Kim Yo-jong, the younger sister of North Korean leader Kim Jong-un, has received more responsibilities in the government, South Korea’s spy agency claims.
Kim Jong-un still maintains “absolute authority”, but handed various policy areas to others to reduce his stress levels, the spy agency reportedly said.
Kim Yo-jong is now “steering overall state affairs”, the National Intelligence Service added.
However, South Korea’s spy agency has been wrong about North Korea in the past.
The claims were reportedly made during a closed-door briefing on August 20 to South Korea’s National Assembly.
Lawmakers then discussed the assessment with journalists.
The agency was quoted as saying: “Kim Jong-un is still maintaining his absolute authority, but some of it has been handed over little by little.”
Kim Yo-jong now has responsibility for Pyongyang’s policy towards the US and South Korea, among other policy issues, and is “the de-facto number two leader,” it added, although it stressed that Kim Jong-un had “not selected a successor.”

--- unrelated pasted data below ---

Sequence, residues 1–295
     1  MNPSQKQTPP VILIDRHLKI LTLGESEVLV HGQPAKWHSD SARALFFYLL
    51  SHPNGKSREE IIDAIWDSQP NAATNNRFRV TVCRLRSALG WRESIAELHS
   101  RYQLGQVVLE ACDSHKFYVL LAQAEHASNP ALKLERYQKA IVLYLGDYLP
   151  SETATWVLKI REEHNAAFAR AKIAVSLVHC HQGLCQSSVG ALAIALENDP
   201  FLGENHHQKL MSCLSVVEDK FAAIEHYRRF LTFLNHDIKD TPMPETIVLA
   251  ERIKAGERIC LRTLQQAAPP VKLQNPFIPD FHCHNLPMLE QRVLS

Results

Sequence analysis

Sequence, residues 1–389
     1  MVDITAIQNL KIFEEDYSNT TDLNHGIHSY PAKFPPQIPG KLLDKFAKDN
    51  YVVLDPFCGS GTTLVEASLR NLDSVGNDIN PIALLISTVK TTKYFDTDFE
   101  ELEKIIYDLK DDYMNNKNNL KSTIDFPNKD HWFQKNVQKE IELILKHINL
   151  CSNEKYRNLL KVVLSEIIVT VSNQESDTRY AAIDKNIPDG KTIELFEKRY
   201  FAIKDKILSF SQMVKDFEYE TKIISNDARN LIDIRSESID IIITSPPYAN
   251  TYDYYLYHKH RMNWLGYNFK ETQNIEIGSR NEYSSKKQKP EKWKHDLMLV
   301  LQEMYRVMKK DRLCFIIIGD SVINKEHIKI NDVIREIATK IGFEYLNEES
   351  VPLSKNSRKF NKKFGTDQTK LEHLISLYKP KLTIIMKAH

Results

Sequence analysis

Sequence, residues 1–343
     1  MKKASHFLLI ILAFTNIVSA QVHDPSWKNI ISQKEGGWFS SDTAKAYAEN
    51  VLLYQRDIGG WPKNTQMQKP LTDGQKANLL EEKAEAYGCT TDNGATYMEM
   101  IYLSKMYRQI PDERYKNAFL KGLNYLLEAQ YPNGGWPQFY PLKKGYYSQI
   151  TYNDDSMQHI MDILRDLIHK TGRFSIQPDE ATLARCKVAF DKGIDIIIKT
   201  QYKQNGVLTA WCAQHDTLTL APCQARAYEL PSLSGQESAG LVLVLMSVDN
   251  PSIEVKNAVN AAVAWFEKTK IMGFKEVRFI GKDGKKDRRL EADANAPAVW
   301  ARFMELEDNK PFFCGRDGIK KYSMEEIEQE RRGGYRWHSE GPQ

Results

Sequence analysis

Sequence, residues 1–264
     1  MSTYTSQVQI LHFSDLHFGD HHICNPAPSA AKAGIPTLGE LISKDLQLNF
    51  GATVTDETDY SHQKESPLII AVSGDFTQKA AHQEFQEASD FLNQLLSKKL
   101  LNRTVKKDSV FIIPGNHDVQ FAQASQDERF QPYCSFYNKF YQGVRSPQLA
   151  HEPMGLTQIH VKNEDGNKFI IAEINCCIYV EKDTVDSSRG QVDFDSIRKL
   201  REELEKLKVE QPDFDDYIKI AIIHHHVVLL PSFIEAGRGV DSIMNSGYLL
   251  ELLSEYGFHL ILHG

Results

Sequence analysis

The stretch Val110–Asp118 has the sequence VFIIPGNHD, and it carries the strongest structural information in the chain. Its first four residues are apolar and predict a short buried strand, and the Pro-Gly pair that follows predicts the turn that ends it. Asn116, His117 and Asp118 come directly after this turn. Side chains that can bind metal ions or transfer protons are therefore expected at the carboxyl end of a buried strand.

The North Korean leader’s decision to delegate was in part to “relieve stress from his reign and avert culpability in the event of policy failure,” it said.
However, some analysts have been skeptical of the intelligence, with website NKNews noting that Kim Yo-jong appeared to have missed two important meetings this month, leading to speculation from some observers that she may have been demoted.
Kim Yo-jong is the younger sister of Kim Jong-un and the only one of his siblings considered a close and powerful ally.
Born in 1987, she is four years younger than Kim Jong-un. The two of them lived and studied in Bern, Switzerland, at the same time.
Kim Yo-jong first gained international attention in 2018, when she was the first member of the Kim dynasty to visit South Korea.
She was part of the delegation to the Winter Olympics, where North and South competed as a joint team.
Kim Yo-jong also worked alongside her brother at international summits, including his meetings with South Korean President Moon Jae-in, China’s Xi Jinping and President Donald Trump.